Sometimes, failure results from not setting goals the right way


Hey friends

To recover from failure, revisit your goals and redefine them.

"Failure doesn’t mean that you haven’t worked hard; it simply means that you need to take another approach to achieve what you want."
- Ruturaj Kohok

Most of us set goals that look something like this:

  • Fitness: Lose 10kg
  • Business: Turnover £200K pa
  • Social Media: Reach 5K followers

That’s how I’ve been setting goals for the last 10 years.

After my last business failed, I learned a valuable lesson, which resulted in changing my approach to goal setting.

Instead of focusing on outcomes, focus on the process.

Great results come from focusing on inputs, not outputs.

Here’s why:

  • Setting input goals helps you understand the levers that drive your output.
  • Inputs are controllable AND actionable; outputs are not!

The impact this has on the goals you set is significant:

  • Rather than losing 10kg, commit to working out 3 times a week and eating low carb, high protein meals for 6 days a week;
  • Instead of targeting £200K turnover, commit to making 25 sales calls a day and going to weekly networking events;
  • Focus on creating and posting one piece of valuable content every day on your social channels instead of aiming for 5K followers.

With these inputs, the actions you have to take are controllable and measurable.

Input goals encourage you to stay consistent because they are daily or weekly actions that you can execute.

Next time you set or revisit your goals, make sure you focus on inputs, they lay the foundations for long-term success.

🚀 Performance Hacks

The 2 Minute Rule - How to get stuff done (3mins)

I've been using the 2-minute rule a lot! It's helped me to build momentum and consistency in various aspects of my life. It’s a very simple mental tool that helps you to start taking action. Action creates momentum. Momentum creates results.

How a 41-year-old solopreneur regularly uses an After Action Report (2mins)

An After Action Report (AAR) is a structured review process that you carry out after completing a project. It helps you analyze what happened, why it happened, and how things can be done better next time. The aim of an AAR is to help you learn from actions and decisions that you’ve taken in order to avoid failure or promote success in the future.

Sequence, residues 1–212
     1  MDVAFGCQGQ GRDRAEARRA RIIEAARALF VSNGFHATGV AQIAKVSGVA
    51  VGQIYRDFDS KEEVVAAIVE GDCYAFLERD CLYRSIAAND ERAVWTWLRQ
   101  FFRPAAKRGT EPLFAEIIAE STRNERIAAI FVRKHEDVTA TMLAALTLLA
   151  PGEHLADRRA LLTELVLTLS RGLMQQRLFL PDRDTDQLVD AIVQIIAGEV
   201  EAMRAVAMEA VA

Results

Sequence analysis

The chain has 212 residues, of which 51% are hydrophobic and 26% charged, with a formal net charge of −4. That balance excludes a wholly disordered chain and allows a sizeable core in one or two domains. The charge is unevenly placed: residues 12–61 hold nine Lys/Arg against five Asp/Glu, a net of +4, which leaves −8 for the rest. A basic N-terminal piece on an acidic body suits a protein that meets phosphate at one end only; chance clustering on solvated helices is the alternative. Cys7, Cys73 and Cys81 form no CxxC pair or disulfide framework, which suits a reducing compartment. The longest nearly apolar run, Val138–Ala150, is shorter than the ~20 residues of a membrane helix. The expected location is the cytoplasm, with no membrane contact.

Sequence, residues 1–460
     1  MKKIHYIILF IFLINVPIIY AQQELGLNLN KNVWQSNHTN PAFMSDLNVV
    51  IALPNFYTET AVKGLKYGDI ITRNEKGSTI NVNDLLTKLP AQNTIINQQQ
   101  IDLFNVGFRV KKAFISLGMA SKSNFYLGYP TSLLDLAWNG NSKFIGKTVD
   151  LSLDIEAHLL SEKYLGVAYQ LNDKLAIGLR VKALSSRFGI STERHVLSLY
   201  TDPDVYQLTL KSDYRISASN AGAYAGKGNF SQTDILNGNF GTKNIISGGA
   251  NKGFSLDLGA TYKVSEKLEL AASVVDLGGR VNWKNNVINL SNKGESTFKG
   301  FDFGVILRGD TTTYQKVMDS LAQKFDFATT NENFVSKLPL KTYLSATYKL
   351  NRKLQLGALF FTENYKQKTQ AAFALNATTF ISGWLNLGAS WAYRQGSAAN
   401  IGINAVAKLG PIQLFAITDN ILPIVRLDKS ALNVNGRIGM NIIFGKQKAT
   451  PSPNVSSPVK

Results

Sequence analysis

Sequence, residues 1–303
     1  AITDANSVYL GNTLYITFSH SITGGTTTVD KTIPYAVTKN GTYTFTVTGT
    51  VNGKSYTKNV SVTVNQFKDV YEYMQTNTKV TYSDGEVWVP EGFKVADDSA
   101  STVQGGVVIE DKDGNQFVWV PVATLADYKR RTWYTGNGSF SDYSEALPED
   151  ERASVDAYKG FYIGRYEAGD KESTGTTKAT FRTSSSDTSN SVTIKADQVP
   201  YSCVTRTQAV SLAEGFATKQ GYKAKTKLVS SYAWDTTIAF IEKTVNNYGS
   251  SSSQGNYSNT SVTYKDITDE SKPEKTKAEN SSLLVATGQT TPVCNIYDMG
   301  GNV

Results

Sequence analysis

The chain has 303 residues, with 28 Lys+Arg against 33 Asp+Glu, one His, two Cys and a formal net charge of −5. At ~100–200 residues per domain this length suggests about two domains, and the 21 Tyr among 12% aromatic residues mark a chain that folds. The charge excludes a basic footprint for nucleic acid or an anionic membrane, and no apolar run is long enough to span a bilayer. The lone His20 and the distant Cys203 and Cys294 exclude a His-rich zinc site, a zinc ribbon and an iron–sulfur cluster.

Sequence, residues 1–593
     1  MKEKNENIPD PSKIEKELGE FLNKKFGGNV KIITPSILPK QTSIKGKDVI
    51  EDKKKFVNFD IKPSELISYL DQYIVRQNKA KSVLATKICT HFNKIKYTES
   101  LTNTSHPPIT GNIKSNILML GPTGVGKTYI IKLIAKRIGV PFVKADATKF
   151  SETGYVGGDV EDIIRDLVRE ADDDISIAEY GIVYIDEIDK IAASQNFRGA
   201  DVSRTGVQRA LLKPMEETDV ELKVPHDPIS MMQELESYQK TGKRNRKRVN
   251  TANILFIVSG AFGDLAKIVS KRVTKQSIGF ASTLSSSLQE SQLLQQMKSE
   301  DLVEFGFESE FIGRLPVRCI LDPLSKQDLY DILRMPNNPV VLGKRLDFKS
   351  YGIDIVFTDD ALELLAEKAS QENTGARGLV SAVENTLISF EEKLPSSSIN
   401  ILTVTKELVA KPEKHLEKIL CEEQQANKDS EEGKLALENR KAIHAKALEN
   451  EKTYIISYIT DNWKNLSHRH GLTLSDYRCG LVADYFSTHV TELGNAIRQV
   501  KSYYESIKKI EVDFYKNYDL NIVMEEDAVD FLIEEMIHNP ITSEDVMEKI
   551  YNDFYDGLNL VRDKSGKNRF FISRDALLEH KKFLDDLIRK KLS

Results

🧠 Brain Food

Book: The Power of Discipline: How to Use Self Control and Mental Toughness to Achieve Your Goals. I finished this book last week and my Kindle is full of notes. We know that self-discipline is important for success. What I enjoyed with this book is how it incorporates mental models, habit formation, Zen philosophy, and the 80/20 principle and gives you a practical handbook for you to build your own self-discipline. Definitely worth a read.

🎙️ Blog Post: What’s an Asymmetric Opportunity? I didn’t know before reading this post. What I’ve since learned is that if you want to build wealth, you want to make small bets that have more upside than downside. You want to seek out and bet on Asymmetric Opportunities.

📱 Tools + Tech

💻 App: Blinkist. I’ve been using Blinkist for a couple of years now and it’s a great app. In just 15 minutes a day, you can learn the key insights and ideas from 5000 of the most popular non-fiction books. They’ve also introduced a new feature called Shortcasts, which brings you the key insights from the most popular podcasts! The best thing is that you can enjoy unlimited access for 7 days with this link to see if you like it.

🐦 Tweet: 5 tips to help keep you disciplined with your personal growth.

Haha: Here, have a repository of groan-worthy dad jokes.

✍🏾 Quote of the Week

“When you focus on what you can control, there is always an action you can take to put yourself in a better position. When you focus on things you can’t control you tend to freeze, unsure of what to do, and you wait.”

From The Mindset Gap by Shane Parrish. Resurfaced using Readwise.